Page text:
But the Lone Star State could have another hidden gem that will make it the dominant producer of another natural resource: rare earth minerals.
USA Rare Earth, with its joint venture partner Texas Mineral Resources Corporation, says that its West Texas mining project contains nearly half of the minerals listed by the U.S. Geological Survey (USGS) on the agency’s latest draft list of critical minerals.
The USGS identified 50 mineral commodities that it deems “vital to the Nation’s economic and national security interests,” including 16 of the 17 rare earths.
To date, the vast majority of rare earth minerals are mined and processed in China. Many lawmakers and officials fear that America’s reliance on the communist nation for resources that are vital to modern defense technologies poses a national security threat.
But there is only one U.S.-based mine and processing center for rare earth minerals, the Mountain Pass mine in California. That is expected to change soon, though.
Located in Hudspeth County, USA Rare Earth says that Round Top Mountain can be mined for 22 of the critical resources, including all of the rare earth minerals on the USGS’s list.
The company projects the project — which, in addition to the mine itself, will make use of a recommissioned permanent magnet manufacturing system to process the materials — will become operational in 2023.
Earlier this year, the USGS also identified Round Top as the nation’s largest deposit of gallium — what it deems the highest priority of the 50 critical minerals.
The agency estimates that the site contains 36,500 metric tons of the resource.
One of the primary uses of gallium is in semiconductor manufacturing, a growing industry in the Lone Star State. In October, Gov. Greg Abbott announced the formation of the “National Semiconductor Centers Task Force” with the aim of snagging the location of a future federal center and program in the field.
“In 2021, Texas was ranked number 1 in the country for its leadership in semiconductors, and we continue to see significant capital investment in areas across the state,” said Abbott. “In addition, the Lone Star State has prioritized developing our large and highly skilled workforce in this sector, ranking number 2 nationally for employment in semiconductor and machinery manufacturing, employing over 29,000 Texans.”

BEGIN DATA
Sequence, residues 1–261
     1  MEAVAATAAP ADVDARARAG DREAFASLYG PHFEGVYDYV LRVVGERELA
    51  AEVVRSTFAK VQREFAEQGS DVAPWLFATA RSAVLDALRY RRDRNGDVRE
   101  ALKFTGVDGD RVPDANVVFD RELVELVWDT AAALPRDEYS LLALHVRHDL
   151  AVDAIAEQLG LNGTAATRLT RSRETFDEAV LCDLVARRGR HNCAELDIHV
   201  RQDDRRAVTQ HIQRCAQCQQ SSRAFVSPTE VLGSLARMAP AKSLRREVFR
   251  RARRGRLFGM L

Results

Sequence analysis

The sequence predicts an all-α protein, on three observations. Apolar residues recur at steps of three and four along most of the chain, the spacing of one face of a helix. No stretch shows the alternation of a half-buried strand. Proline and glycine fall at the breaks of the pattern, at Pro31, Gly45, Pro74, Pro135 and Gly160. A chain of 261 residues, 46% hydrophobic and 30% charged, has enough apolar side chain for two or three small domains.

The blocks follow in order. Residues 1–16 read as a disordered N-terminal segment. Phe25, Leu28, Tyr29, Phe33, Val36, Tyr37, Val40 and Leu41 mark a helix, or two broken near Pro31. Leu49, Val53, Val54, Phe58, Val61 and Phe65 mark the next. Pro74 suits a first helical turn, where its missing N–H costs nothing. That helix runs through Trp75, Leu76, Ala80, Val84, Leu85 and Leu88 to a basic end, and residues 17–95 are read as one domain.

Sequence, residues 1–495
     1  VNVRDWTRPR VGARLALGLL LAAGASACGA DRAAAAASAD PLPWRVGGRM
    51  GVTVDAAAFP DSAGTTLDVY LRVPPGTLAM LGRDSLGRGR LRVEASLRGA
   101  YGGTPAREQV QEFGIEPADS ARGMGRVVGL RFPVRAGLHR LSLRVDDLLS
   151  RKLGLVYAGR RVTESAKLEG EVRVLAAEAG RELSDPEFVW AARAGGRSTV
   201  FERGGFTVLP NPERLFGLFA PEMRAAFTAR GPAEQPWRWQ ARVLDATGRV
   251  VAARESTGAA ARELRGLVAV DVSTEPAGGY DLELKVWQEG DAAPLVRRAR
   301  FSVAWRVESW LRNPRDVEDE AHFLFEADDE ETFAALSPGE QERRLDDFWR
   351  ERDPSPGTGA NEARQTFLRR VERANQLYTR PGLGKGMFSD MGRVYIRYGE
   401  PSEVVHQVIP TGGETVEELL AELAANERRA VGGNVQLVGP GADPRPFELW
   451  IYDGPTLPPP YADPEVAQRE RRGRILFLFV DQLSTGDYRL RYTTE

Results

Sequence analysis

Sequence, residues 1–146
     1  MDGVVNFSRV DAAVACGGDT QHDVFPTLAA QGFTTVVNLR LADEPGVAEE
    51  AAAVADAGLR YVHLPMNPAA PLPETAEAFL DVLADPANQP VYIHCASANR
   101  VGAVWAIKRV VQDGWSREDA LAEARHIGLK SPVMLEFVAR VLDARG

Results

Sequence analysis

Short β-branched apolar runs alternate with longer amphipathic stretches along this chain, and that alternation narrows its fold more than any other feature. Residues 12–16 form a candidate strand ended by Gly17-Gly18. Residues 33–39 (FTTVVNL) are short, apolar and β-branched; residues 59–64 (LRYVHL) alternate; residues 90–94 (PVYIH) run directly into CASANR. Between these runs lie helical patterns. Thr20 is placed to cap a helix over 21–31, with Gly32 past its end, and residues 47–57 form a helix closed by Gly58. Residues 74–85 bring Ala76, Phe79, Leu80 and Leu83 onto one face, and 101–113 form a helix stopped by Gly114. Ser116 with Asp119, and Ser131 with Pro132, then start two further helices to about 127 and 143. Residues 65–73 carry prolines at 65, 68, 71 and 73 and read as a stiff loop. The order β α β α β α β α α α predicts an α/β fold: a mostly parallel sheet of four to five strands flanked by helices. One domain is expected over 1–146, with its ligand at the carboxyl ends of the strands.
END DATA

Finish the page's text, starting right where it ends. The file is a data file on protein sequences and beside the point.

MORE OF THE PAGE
But semiconductor manufacturing is hardly the only modern-tech industry in Texas that is seeing a boom in growth.
That particular growth has come with the push of incentives from the government, whether it be local tax breaks, grants from the Texas Enterprise Fund, or funding in the recent federal infrastructure bill to create a broader network of EV charging stations.
But in order to build the new types of electric vehicles, producers have to rely on processed rare earths and other critical minerals — a need that the project in West Texas hopes to supply.
“USA Rare Earth is developing a fully domestic mine-to-magnet supply chain, while the lithium at Round Top will also support the manufacture of battery electric vehicles,” said Thayer Smith, the president of USA Rare Earth. “These are two essential components to the future of electric transportation.”
The company says that based on an economic assessment conducted in 2019 for a 20-year mine plan, the operation is projected to generate “an internal rate of return of 70% and average annual net revenues of $395 million a year after average royalties of $26 million a year payable to the State of Texas.”
Disclosure: Unlike almost every other media outlet, The Texan is not beholden to any special interests, does not apply for any type of state or federal funding, and relies exclusively on its readers for financial support. If you’d like to become one of the people we’re financially accountable to, click here to subscribe.
Daniel Friend is the Marketing and Media Manager for The Texan. After graduating with a double-major in Political Science and Humanities, he wrote for The Texan as a reporter through June 2022. In his spare time, you're likely to find him working on The Testimony of Calvin Lewis, an Abolition of Man-inspired novel and theatrical podcast.